As shown in the figure, the line A on the left represents the retinal plane. Line B represents the convex lens plane and M represents the moon.
When approaching the ground, due to the influence of the objects on the ground, the eyes will feel the moon is far away, so the eyes will use a longer focal length to image the moon (such as oa for its focal length). At the zenith, because there are no other objects, the eyes will feel the moon is closer, so the eyes will use a shorter focal length for the moon imaging (as shown in Figure sa for its focal length). The result is that the imaging ad of the former is larger than the imaging ab of the latter. So the observer will feel that the moon near the ground looks larger than the moon on the zenith.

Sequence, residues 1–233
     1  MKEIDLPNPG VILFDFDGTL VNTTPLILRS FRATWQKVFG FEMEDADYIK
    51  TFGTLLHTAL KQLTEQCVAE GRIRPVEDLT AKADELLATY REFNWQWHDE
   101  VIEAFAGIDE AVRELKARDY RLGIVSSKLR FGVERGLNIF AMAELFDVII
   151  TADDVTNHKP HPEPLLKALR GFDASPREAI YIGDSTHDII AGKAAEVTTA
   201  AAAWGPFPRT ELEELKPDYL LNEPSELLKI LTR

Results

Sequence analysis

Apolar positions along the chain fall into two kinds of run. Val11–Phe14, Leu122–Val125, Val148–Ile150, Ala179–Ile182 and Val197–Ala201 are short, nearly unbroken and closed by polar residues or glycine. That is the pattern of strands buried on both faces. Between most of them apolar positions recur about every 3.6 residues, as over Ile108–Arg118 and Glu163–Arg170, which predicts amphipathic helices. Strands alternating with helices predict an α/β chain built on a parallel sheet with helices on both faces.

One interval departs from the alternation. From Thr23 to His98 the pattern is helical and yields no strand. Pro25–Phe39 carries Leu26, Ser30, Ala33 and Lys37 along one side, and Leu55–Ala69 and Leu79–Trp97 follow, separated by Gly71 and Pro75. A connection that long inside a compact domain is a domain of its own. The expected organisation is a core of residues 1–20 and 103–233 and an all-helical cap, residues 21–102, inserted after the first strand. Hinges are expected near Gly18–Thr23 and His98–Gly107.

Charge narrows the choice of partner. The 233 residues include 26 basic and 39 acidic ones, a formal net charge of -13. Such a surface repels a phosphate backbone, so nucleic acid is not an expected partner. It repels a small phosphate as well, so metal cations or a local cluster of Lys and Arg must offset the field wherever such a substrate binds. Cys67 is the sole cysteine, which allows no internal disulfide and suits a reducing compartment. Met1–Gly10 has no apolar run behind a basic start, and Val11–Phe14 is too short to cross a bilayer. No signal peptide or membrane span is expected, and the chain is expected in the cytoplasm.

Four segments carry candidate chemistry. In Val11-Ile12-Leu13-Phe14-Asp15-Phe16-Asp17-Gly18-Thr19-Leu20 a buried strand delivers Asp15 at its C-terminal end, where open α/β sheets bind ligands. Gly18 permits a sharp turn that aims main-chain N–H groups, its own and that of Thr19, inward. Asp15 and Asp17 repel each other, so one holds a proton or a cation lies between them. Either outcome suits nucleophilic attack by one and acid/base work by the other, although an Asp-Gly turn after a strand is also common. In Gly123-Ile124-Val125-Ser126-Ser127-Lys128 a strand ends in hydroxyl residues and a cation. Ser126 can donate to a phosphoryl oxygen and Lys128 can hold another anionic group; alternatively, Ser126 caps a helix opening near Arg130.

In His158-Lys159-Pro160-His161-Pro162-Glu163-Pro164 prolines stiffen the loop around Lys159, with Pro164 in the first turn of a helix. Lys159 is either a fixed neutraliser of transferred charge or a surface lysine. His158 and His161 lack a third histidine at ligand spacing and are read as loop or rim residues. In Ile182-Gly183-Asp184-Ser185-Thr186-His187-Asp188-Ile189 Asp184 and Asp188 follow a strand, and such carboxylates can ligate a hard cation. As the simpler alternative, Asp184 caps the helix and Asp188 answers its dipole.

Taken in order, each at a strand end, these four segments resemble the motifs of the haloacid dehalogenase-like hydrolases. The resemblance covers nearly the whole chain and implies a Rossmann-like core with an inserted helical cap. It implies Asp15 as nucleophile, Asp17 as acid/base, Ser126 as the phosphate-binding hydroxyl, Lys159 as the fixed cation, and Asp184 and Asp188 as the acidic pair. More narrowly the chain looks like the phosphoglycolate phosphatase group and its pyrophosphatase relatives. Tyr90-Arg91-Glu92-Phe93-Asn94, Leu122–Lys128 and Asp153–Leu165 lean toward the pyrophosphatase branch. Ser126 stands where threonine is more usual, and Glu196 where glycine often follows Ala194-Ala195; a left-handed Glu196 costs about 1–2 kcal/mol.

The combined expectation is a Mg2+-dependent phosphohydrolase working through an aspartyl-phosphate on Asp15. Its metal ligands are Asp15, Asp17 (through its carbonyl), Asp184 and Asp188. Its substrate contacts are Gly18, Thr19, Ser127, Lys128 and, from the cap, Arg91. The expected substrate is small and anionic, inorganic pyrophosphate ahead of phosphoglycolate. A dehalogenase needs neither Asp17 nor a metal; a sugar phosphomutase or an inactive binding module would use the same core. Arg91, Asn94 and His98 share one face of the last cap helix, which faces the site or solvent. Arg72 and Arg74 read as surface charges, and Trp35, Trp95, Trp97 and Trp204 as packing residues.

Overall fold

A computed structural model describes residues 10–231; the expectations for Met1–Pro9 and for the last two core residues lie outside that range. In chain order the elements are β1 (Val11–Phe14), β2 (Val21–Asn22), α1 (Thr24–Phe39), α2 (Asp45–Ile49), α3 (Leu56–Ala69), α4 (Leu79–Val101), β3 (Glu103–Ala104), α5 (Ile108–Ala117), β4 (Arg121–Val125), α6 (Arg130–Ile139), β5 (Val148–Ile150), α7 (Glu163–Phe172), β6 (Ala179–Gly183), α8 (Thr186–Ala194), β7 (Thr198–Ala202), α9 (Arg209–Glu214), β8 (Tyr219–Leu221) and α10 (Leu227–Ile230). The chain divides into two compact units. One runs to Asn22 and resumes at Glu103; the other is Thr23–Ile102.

So why is the moon on the ground as big as the moon on the zenith when photographed with a camera? Because the camera uses the same focal length to shoot the moon.
Is there any evidence to support my explanation?
Please put your thumb close to your eyes, and let your eyes, thumbs, and the moon align roughly at three points. Then focus your eyes on your thumb and watch the moon in the sky behind your thumb. Mother, you'll find that the moon is terribly small! Why? Because when you focus on your thumb, the focus of your eyes is very short. According to the theory introduced earlier, if you look at the moon with a short focal length, it will appear smaller. So conversely, when the focal length is longer, the moon looks larger.
This thumb experiment can be done by anyone, and it also confirms our theory.